After our walk we headed back to our hotel and took a bus to the Blue Lagoon. I was super impressed with how organized the process of entry was to the Lagoon. For a major tourist destination, it wasn't overcrowded in the middle of the day as they seem to do a great job of limiting the number of people allowed in at any given time. The lagoon itself was much larger than I had imagined, and was filled with more private nooks and crannies if you're someone who doesn't like to be too close to others. We got the Comfort Tickets, which proved useful as they provided you with towels, a free drink of choice, and both the Silica and Algae masks.  

After showering off (they make all visitors do this, it seems odd at first but it's actually for your own good - the water would be much dirtier without this step) we headed into the lagoon and got our Silica masks. If you have longer hair, I recommend putting a bit of the conditioner from the showers through the ends and tying it up to prevent the silica from drying out your hair. I thought the mask felt great and really made my skin feel soft and poreless after using. We then headed to get our drinks and did a second mask. Altogether we spent about two and a half hours in the Lagoon, which left me feeling perfectly refreshed and rejuvenated. I really enjoyed my experience there; I know many people say it's a tourist trap, but I found it to be really well managed and such a cool experience. Don't miss it if you're headed to Iceland!

When we returned to our hotel, we showered off and got ready for dinner. We were in the mood for Italian food, so we went down the street from our hotel to Jaime's Italian.
Day 3: We woke up early on day three, as we had pre-booked a bus tour of the Golden Circle. I know this can be driven by car as well, but it was a short distance by bus from Reykjavik, so it still gave us plenty of time at each sight and left us to enjoy the scenery. Our first stop was Thingvellir National Park, which is where Icelandic Parliament used to meet and where the Eurasian and North American tectonic plates divide and are visible above ground. It's truly a unique sight, as this is the only place you can see these plates rising above the Earth's crust. The landscape surrounding the park is beautiful and filled with waterfalls and rolling hills - if you're doing this trip by car yourself I'd recommend carving out some time to take an easy hike through the park. We walked around for about an hour and a half and it was 

Our next stop was Gullfoss, which is a massive glacial waterfall located in the Southwest of Iceland. I was super impressed by this "foss" because of how it ran between a valley and created a massive mist which completely engulfs you as you descend to see it up close. Make sure you're wearing appropriate clothing for this; I'd recommend a raincoat with a hood and waterproof shoes with grips, as it can be slippery on the rocks on the path.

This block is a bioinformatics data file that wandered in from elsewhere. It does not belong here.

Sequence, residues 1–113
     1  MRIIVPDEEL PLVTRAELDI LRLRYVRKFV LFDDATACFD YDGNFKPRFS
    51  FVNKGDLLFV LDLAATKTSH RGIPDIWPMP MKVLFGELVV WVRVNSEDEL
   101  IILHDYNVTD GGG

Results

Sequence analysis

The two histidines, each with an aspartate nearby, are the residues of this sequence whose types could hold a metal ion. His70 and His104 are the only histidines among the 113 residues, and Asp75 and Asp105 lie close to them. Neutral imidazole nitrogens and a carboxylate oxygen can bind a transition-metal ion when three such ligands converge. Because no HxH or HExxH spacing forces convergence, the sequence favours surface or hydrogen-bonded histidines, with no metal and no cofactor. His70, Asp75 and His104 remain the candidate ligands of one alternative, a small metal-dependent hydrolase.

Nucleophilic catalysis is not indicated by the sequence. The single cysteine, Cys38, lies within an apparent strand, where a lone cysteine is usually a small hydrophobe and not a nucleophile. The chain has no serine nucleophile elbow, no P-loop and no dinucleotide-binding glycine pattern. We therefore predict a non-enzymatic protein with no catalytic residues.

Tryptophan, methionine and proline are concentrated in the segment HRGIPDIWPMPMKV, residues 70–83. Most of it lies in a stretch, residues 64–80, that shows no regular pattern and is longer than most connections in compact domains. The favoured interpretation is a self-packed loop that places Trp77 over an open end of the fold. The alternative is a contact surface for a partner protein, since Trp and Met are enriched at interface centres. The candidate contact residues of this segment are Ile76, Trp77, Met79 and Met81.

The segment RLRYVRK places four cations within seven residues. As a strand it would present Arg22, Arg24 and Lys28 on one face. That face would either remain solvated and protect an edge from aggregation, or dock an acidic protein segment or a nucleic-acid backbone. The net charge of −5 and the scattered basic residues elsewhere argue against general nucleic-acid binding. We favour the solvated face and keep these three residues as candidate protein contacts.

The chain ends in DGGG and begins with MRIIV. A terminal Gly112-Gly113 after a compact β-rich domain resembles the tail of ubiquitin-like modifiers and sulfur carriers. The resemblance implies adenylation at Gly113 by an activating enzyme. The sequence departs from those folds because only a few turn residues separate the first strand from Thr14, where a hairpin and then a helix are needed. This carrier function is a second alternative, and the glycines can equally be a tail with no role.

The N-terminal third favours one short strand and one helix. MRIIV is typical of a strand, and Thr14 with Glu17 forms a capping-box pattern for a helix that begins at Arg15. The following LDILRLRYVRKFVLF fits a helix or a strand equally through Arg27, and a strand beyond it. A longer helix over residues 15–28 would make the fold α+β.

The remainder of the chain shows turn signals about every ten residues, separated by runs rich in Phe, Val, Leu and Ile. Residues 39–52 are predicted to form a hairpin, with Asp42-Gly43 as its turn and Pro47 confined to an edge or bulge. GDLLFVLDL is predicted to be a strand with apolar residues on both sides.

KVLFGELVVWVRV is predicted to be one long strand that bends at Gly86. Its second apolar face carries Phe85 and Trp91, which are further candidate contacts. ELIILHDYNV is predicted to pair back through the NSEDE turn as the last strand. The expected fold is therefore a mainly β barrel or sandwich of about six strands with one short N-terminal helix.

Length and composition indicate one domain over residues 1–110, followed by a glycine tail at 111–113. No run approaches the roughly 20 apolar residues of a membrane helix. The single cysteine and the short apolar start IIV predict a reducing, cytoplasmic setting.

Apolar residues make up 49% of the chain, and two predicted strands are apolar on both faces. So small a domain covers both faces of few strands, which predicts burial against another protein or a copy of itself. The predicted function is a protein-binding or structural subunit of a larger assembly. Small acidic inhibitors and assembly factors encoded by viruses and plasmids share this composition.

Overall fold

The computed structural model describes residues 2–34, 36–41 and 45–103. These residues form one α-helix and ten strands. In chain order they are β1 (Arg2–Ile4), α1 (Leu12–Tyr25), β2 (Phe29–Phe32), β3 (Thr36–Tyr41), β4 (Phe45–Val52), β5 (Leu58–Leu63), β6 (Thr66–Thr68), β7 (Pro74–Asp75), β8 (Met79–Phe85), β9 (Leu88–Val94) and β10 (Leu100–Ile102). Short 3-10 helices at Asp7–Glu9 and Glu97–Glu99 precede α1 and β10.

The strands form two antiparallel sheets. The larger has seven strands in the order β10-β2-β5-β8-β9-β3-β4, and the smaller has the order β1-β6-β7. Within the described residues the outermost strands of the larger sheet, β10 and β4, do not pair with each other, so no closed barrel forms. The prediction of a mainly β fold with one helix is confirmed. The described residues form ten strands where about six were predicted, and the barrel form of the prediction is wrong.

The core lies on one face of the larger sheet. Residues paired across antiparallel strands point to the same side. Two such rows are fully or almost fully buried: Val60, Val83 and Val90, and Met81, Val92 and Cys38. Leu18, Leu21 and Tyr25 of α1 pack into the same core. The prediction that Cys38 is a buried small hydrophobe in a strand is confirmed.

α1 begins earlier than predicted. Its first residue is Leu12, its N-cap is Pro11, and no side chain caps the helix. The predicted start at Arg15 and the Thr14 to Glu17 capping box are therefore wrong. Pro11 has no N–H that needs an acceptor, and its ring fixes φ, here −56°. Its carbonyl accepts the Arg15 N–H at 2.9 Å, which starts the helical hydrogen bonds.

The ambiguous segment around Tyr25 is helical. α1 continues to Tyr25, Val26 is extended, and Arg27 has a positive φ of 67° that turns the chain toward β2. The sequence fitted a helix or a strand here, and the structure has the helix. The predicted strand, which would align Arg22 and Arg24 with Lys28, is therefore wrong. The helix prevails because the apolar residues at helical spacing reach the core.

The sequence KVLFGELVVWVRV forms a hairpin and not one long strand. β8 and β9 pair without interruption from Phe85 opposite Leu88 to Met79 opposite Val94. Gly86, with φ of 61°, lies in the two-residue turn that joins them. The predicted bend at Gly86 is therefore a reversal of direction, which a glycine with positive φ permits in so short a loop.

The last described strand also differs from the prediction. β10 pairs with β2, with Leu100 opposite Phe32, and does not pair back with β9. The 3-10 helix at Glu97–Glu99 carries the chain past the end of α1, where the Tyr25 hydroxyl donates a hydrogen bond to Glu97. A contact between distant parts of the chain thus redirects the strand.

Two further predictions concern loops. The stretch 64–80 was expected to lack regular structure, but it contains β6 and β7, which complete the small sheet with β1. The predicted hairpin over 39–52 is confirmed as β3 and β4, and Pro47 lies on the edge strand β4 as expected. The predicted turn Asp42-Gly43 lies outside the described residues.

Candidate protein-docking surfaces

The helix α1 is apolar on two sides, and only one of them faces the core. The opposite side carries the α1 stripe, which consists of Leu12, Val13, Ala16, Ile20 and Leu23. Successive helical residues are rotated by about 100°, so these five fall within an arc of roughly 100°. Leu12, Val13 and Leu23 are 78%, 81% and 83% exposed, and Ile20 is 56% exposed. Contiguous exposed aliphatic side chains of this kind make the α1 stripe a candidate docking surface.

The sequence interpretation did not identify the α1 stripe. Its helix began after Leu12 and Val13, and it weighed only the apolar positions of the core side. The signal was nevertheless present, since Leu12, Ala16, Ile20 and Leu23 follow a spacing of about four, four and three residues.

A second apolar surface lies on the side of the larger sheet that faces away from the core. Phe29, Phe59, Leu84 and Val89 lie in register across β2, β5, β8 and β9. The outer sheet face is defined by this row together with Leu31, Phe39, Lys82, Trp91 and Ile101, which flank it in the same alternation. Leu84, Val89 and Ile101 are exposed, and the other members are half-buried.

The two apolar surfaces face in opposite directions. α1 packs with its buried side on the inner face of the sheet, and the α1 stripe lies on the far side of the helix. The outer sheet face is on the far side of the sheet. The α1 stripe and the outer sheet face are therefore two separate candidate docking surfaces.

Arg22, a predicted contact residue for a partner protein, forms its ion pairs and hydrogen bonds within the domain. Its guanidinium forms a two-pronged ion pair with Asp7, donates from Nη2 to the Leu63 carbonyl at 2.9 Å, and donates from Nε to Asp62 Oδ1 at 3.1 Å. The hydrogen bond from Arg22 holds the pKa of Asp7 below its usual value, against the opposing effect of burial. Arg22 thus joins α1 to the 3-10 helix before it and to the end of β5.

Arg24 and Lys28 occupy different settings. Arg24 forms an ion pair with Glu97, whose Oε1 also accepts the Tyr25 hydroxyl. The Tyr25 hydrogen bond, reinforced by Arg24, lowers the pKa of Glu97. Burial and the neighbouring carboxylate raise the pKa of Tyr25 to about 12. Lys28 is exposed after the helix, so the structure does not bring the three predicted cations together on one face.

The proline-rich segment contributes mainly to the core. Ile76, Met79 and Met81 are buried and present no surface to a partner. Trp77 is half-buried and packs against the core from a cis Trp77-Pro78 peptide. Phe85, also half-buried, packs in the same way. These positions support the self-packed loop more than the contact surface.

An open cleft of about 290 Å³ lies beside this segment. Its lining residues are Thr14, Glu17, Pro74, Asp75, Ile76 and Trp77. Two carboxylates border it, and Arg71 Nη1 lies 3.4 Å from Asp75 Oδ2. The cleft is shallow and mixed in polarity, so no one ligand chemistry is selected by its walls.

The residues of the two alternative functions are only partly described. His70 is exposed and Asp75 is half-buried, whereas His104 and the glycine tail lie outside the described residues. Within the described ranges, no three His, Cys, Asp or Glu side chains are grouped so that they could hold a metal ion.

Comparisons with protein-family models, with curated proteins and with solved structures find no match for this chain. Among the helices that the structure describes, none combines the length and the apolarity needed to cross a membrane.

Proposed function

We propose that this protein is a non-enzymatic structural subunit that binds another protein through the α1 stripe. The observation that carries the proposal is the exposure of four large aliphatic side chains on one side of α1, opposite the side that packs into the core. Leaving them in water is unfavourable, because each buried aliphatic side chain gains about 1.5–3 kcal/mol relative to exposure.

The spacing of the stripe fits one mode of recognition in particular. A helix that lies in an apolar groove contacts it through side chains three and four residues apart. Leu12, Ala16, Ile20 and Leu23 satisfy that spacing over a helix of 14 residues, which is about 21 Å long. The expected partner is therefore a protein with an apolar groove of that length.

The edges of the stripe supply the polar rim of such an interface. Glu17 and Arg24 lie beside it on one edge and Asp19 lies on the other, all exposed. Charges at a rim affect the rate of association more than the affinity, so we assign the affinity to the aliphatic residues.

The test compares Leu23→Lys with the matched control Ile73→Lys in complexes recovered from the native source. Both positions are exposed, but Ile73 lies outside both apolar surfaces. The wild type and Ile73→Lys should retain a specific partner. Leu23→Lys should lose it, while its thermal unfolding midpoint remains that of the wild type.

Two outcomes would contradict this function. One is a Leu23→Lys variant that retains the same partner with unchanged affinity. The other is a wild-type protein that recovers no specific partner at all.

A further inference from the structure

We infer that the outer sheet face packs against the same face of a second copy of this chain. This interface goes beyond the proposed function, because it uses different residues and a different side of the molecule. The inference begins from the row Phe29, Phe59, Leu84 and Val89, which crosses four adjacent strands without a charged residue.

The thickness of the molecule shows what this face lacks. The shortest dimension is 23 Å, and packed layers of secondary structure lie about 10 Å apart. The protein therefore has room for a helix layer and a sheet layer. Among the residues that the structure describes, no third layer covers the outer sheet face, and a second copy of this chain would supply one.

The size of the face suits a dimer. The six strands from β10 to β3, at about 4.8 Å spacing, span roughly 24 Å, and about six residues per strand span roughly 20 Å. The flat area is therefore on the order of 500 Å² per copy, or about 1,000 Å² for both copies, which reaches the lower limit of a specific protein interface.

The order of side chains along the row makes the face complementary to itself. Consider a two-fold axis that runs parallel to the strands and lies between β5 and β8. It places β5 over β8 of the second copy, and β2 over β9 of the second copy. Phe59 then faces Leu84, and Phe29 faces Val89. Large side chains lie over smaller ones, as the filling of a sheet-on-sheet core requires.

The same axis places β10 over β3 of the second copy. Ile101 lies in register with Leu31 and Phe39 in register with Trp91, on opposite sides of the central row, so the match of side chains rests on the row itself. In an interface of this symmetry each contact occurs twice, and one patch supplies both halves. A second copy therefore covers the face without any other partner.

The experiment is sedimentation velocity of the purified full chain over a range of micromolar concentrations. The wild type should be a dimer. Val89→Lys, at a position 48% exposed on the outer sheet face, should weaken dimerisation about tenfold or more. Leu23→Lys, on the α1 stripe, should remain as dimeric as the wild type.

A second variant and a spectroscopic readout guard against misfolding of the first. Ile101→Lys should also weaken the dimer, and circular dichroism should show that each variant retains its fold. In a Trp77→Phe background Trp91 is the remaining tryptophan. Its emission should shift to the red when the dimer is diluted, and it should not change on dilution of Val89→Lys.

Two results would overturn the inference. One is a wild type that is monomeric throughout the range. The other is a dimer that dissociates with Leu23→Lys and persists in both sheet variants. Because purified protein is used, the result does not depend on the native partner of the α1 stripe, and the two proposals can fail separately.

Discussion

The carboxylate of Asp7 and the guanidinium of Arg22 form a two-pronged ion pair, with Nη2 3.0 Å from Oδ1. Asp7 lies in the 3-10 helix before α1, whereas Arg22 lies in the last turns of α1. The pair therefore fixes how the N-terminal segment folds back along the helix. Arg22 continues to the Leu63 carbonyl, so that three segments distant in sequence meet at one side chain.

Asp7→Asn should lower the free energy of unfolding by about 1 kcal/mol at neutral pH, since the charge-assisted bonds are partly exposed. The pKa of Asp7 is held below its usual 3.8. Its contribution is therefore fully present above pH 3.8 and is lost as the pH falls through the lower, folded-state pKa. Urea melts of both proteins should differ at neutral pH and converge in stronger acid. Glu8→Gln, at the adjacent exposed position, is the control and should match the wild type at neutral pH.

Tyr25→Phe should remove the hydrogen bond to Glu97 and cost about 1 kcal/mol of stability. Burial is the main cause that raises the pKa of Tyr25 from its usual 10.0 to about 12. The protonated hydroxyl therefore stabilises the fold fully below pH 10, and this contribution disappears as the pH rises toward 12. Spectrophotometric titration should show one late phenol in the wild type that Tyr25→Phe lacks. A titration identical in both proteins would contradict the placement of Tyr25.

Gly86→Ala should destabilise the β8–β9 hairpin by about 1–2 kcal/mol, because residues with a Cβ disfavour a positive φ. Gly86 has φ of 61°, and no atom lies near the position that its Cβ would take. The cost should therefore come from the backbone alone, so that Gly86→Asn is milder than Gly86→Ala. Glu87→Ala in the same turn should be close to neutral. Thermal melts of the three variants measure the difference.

The last stop on our tour that day was the Geysir Hot Springs park which is a geothermal field with active geysirs. The main erupting geysir used to be Geysir (original name, I know), but since the last major earthquake, it's now Strokkur that is the main attraction. It erupts about every 15 minutes and is quite powerful; if you're standing on the side opposite the main pathway, you'll surely get soaked when it goes off, so beware of you're cameras if they're not waterproof. Also, be sure to explore all the pools and smaller geysirs in the field, some are bright blue and some milky blue from the high concentration of silica. It's such a cool experience!

When we returned from our trip, we headed to the English Pub for another Viking beer, and then back to our hotel to get ready for dinner. That night we went to Apotek, which was one of my favorite meals of the trip. We did the tasting menu and they brought a great variety of tasty fresh fish and meat, and a super delicious skyr cheesecake for dessert. It's definitely on the pricey side (all food in Iceland is - extremely!), but was worth it as the quality was great and the decor was dreamy. 
Day 4: Tired from our previous day packed with sightseeing, we decided to rent a car and drive around a bit to explore the countryside at our own pace - on our way to Glymur. Glymur is a great hiking trail for those who like a bit of adventure, and it's nestled at the end of a beautiful fjord called Hvarfjordur. On our way, we stopped at many farms to socialize with the gorgeous and friendly Icelandic ponies. Most of them are super friendly, and seem to love having their photo taken - so cute! We also stopped to see Fossarrett, and the viking settlement ruins located at the foot of the waterfall. 

We arrived at the trailhead for Glymur via a questionable road that seems as though you're headed in the wrong direction at first. The four-hour trail starts out easy but begins to wind through many streams and rocky, muddy areas until you reach a set of stone stairs that lead you into a cave and down toward a river, which runs off the main falls. The hike is labeled as 'intermediate', but without appropriate gear, the hike can get difficult, as you have to cross the rushing river on a log and then hike vertically up a dried up riverbed to the top of the canyon. It is, however, beautiful and there are endless waterfalls streaming down from all directions. We ended up not crossing the log, and instead, hiked the lefthand side, which is not a marked trail, but you're able to get the same views without having to risk it all. I really enjoyed this hike, the sun was out, the air was crisp and it really left me feeling refreshed. 

When we got back to the city, we stopped into Sæta Svínid for a beer, and then headed back to our hotel where we cleaned up for dinner at 101 Harbor.
I'll be sharing the remainder of our trip shortly. What did you see on your trip to Iceland? Are you planning on visiting soon?
Blogger Template by pipdig